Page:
There are two theories about the human appendix: One holds that the thin, four-inch tube below the intestines acts as a repository for “good bacteria,” the other that the appendage is a useless remnant from our evolutionary past. My own theory is that the purpose of Rafael Nadal’s appendix is to ensure that 2014 will go down as one of the most frustrating years of his career.

Nadal embarked upon the Shanghai Masters this week knowing that he has appendicitis, which occurs when the appendix becomes inflamed and ruptures, more or less exploding like, well, a Nadal forehand. Nadal was diagnosed last Sunday in Shanghai, and he hoped that a robust course of antibiotics could keep the developing condition under control as he played on.

“I’m not going to go for surgery,” he told the press in Shanghai on Tuesday, after spending Sunday and Monday resting in his hotel room. “That's great news for me today. That's why I'm here practicing for 45 minutes and trying to play tomorrow. But obviously I am not in my best condition.”

Nadal’s analysis was borne out today in his first match. Looking sluggish, the world No. 2 made twenty-seven unforced errors in the course of losing to fellow countryman Feliciano Lopez, 6-3, 7-6 (6).

Afterward, Nadal soberly explained, "For sure [I don't feel] perfect. It's the same way that I felt before. A little bit more dizzy now. But that's it. Nothing that I have to worry about. When you lose a match, it is not the moment to talk about obvious things. I lost. Feli played better than me."

This is more than a rare, de facto opening-round loss by Nadal. Coming into Shanghai, Nadal was ranked ahead of his Swiss rival Roger Federer by a scant 285 points in the rolling, 52-week rankings. Nadal was defending 360 semifinal points in Shanghai, which will now drop off his total and be replaced by a mere 45—leaving him behind Federer, who’s already equaled his third-round performance of 2013. Upshot: Federer will take over the No. 2 ranking from Nadal at the end of the week no matter what happens over the next few days.

Bad to Worse to Worst

Bad to Worse to Worst

Advertising

For a long while today, it looked as if Federer might have contracted some sort of sympathy illness when he heard the news about Nadal. He struggled mightily against talented underachiever Leonardo Mayer, facing down five match points before he converted his own to win 7-5, 3-6, 7-6 (7). On his first chance to win the match, Federer struck a sweet backhand topspin lob that Mayer could only stare at in dismay as it flew over his head and landed just inside the baseline.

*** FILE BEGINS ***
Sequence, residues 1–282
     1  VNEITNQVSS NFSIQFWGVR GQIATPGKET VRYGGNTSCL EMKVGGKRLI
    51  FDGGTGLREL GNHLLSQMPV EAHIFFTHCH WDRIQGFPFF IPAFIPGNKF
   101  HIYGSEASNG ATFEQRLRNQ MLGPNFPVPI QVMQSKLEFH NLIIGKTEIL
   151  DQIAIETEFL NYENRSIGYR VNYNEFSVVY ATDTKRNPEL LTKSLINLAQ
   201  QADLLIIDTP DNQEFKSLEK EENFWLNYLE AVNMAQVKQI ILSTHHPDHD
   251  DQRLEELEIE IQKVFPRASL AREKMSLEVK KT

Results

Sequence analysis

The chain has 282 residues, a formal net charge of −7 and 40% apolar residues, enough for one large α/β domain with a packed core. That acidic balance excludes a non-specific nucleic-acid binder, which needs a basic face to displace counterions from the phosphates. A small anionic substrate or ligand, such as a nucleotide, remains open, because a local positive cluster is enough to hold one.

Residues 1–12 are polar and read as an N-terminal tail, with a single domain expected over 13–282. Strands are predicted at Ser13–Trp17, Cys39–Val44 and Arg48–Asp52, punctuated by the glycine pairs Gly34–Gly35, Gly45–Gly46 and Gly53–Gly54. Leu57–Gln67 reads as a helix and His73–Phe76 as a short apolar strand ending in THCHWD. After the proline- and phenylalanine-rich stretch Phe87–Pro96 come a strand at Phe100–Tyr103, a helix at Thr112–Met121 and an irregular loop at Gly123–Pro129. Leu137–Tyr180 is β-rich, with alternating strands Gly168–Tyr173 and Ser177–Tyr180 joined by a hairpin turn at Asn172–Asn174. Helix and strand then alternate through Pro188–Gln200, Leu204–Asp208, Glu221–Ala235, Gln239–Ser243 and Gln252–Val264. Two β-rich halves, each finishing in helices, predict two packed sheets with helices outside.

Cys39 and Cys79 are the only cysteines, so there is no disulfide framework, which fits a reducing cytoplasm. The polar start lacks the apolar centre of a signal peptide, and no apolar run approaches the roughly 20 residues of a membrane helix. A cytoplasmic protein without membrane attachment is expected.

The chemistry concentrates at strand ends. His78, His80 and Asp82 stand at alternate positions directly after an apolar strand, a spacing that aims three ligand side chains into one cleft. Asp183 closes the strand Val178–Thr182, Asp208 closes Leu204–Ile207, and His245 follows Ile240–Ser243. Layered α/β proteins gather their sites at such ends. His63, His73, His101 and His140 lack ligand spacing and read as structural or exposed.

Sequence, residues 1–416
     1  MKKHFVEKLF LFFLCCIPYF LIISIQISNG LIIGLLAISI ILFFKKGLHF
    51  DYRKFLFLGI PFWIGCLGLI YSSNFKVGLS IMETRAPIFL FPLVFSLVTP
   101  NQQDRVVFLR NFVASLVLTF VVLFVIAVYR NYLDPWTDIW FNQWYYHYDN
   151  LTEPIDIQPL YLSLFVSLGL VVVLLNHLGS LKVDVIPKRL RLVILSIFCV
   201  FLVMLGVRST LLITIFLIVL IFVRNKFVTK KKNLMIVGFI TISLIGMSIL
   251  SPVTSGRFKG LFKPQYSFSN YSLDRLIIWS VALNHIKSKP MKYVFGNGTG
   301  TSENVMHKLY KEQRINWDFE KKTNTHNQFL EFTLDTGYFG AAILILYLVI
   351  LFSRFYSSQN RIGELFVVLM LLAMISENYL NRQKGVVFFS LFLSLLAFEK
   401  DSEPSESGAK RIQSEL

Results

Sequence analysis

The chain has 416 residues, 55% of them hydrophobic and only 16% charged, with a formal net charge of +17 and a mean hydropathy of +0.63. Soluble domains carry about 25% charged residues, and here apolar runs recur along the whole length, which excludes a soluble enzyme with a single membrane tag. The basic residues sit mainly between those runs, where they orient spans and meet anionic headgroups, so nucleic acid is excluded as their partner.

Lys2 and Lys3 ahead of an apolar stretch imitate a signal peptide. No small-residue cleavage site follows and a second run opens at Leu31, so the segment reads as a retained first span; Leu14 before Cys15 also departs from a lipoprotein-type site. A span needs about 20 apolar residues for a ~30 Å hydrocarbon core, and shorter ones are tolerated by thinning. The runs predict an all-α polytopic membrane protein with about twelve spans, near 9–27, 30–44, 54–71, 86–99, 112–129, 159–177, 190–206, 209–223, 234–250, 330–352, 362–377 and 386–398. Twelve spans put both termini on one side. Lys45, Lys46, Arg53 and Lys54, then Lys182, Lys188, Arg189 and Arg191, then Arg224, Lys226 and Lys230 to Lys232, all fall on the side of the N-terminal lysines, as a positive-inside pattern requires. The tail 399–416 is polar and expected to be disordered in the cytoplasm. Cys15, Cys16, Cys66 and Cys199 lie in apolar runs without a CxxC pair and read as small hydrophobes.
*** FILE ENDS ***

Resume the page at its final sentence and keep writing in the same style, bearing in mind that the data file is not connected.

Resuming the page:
Nadal will certainly have to undergo a typical appendix removal surgery; it’s not a matter of “if” but “when.” And that leaves him in a tricky position for the rest of the year. He has already qualified for the ATP World Tour Finals, at which the winner rakes in a whopping 1,500 rankings points. That kind of takes away any impetus he might have had for closing up shop for the season.

Should Nadal decide to undergo surgery in the coming days, he might still recover in time to have a reasonable chance in London—at least if playing professional tennis at the highest level would fall under what the medical profession calls “normal activities.” Joe Citizen usually can resume normal activities two to three weeks after surgery, and even less if the patient elects to undergo a more advanced, less invasive procedure, an option Nadal surely would choose.

Nadal sounds optimistic about somehow completing a year full of surprises, most of them unpleasant. “My thoughts is continue with Basel, Paris, and London,” Nadal insisted after his loss. “Is true that the past few months I did not have the best of luck. I didn't have the best of luck since Wimbledon. I was playing a good year, very positive year. After that I was unlucky with the wrist, what's going on now. Now there remains three more tournaments for me.”

It’s unclear just how much of a chance Nadal has to stick with his schedule. Basel begins in just 12 days, so even the most un-invasive of surgeries may not afford him sufficient recovery time. But even if Nadal is able to return quickly to get in a few matches and still play the grand finale in London, the outlook for him is anything but rosy. Nadal is trying to meet his challenges with a brave face, but things since Wimbledon have simply gone from bad to worse to worst.

Bad to Worse to Worst

Bad to Worse to Worst

Until last week’s tournament in Beijing, Nadal had not hit a ball under duress since he was ambushed in the fourth round of Wimbledon by hard-serving Nick Kyrgios (who has already quit on the year, citing burnout). Nadal arrived in Asia looking to salt away a few matches and round his game into shape following the three-month hiatus he was forced to take immediately after Wimbledon because of a sore wrist. The enforced break caused him to miss the two North American summer Masters events, as well as the chance to defend his U.S. Open title.

Nadal won two matches in Beijing last week, but he was waylaid in the quarterfinals by gifted ball-striker Martin Klizan. Now Nadal has some very tough decisions to make regarding the rest of the year. Allowing his rivals, most prominently Novak Djokovic, to stockpile points in the coming weeks would leave Nadal far off the pace in the hunt for the No. 1 ranking in 2015, and it might even jeopardize his ability to prepare comfortably and confidently for the Australian Open.

But the main takeaway from the unexpected events of the past few days is that Rafael Nadal really, really wants to play tennis. He’s had an unscheduled three months of rest, so you can expect him to do anything within his power to finish the year on a high note—one that may be very hard for him to hit in a year that has turned ugly.